‘Gorkha war cry would instil fear in Pak troops’ | Lucknow News


Lucknow: It is said that if a war cry doesn’t work to stave off the fight, it should be fierce enough to instil fear into the enemy.
Fifty years ago, facing stiff resistance from Pakistani troops to secure a strategic bridge for India in Muddafarganj area of Comilla district in Chittagong, then-East Pakistan, Gorkha Rifles ‘johnnys’ (what jawans are affectionately called) resorted to their famous fear instilling war cry ‘Jai Maa Kali, Aayo Gorkhali’ to charge at the enemy. Eventually, they chased them with their razor-sharp khukri to end the resistance.
Sharing the tale, war veteran and Vir Chakra recipient Col (retd) Bimal Kishandas Badgel of 1/11 Gorkha Rifles said, “Pakistan troops fled like a bunch of baboons when we charged at them with our regiment war cry.”
As the commander of Alpha company with 120 men, Badgel, then a 28-year-old Major, was given the task to withhold Muddafarganj bridge. On the night of December 7, the bridge was attacked twice by 29 Baloch Regiment.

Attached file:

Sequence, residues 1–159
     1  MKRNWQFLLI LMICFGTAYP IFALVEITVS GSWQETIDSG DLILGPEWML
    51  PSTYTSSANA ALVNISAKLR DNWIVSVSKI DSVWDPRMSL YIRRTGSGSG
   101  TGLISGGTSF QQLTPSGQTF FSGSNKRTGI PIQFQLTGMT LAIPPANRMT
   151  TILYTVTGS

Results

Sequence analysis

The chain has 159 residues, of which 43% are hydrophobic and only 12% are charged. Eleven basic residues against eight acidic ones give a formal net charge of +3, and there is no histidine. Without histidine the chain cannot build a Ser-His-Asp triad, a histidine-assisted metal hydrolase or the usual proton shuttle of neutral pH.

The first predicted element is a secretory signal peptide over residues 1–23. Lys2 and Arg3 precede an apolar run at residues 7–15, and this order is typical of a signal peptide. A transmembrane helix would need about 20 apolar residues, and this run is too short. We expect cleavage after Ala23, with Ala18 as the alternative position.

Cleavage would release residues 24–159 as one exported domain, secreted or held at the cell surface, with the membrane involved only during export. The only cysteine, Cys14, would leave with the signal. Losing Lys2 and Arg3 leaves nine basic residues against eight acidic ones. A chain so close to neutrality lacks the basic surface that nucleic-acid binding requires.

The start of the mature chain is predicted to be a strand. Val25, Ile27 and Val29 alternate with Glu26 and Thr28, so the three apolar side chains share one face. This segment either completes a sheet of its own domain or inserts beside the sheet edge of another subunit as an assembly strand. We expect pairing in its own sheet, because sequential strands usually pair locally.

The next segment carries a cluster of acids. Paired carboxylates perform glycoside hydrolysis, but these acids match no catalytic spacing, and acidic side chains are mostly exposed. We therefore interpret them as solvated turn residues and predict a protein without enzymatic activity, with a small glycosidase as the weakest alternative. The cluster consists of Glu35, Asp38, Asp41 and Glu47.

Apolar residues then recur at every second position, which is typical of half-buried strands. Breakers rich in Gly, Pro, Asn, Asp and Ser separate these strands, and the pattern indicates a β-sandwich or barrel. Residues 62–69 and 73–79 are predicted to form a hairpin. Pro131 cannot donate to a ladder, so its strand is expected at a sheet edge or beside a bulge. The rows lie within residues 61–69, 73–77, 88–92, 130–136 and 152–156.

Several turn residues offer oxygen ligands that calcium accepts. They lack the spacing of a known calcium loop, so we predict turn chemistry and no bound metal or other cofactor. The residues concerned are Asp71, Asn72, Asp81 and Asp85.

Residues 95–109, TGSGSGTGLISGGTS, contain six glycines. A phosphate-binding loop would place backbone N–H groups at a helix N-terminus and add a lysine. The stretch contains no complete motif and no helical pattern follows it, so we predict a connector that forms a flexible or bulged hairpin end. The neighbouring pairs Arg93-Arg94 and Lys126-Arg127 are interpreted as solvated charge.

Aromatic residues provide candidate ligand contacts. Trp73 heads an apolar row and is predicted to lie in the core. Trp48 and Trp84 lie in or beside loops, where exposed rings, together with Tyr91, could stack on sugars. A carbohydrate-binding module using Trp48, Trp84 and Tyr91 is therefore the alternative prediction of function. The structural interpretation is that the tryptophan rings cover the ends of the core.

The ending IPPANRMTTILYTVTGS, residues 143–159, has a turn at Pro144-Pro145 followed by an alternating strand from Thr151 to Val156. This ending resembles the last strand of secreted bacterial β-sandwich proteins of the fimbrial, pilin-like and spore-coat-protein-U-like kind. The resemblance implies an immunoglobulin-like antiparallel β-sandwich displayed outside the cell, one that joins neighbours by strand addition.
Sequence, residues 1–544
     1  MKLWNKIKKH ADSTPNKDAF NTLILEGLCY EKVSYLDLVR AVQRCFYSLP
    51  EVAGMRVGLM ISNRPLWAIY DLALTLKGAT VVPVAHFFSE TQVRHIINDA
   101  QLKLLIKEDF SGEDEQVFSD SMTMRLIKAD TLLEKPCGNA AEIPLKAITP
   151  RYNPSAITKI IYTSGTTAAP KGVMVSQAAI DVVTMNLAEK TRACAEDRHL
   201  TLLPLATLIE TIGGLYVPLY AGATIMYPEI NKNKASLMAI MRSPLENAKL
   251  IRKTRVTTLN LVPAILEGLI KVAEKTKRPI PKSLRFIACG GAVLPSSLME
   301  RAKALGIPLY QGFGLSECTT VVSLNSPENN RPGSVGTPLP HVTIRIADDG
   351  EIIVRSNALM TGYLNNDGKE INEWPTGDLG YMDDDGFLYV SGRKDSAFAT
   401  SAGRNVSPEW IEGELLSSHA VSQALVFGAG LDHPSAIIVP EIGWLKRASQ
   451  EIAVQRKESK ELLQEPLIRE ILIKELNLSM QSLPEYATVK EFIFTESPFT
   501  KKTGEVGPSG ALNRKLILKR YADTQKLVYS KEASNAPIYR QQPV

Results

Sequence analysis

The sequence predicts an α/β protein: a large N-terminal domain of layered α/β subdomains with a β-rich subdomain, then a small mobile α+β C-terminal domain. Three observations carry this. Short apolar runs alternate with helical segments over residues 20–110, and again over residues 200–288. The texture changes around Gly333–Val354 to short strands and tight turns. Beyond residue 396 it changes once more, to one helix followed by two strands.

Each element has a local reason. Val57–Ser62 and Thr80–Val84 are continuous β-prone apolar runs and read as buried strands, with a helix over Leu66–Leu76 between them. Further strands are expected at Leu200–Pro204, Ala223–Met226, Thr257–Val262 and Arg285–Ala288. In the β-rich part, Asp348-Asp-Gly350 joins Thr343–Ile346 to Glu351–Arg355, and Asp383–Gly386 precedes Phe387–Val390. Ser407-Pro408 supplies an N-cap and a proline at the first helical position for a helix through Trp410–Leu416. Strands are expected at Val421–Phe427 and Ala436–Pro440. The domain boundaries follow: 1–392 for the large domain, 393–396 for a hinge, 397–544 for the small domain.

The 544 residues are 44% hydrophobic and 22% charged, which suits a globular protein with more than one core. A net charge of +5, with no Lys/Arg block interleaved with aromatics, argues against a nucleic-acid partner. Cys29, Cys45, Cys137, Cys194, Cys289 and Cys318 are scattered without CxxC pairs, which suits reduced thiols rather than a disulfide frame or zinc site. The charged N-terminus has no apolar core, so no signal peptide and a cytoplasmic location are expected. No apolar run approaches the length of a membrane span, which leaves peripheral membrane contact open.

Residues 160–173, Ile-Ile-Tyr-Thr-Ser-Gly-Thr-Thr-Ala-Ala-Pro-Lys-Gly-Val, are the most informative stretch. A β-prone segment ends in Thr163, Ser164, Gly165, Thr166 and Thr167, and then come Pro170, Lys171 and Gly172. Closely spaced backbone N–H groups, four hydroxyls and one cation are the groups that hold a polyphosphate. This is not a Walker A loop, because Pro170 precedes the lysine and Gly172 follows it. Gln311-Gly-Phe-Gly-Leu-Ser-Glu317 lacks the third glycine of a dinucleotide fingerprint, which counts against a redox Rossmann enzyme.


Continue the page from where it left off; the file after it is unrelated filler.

Badgel, now 78, said, “Pakistani troops came in two back-to-back waves, shouting the war cry ‘Ya Ali’ to take the bridge vital for the Indian Army. My ‘johnnys’ whipped out their khukris and charged at the Pathans with the war cry ‘Jai Maa Kali, Aayo Gorkhali’. Some enemies were killed while the rest fled. I had sustained a bullet injury in my left arm in the attack.”
In another example of the fierceness of Gorkha Regiment, the veteran said, “On December 3, the first day of the war, Lt Col Akbar Baig, commanding officer of Pakistan’s 25 Frontier Force Regiment, five other officers, eight JCOs and 202 men surrendered with large quantity of weapons and ammunition with Chinese markings.”
Currently, 1/11 Gorkha Rifles is based in Lucknow.
Badgel also recalls that after capturing each post of Pakistani troops, local Bengali population hidden in villages used to rush towards Indian troops with food and water and pro- Bangladesh and Indira Gandhi slogans.
“Seeing Pakistani troops fleeing, they would shout ‘Indira ki jai’ and ‘Bengal ki jai’,” added Badgel.

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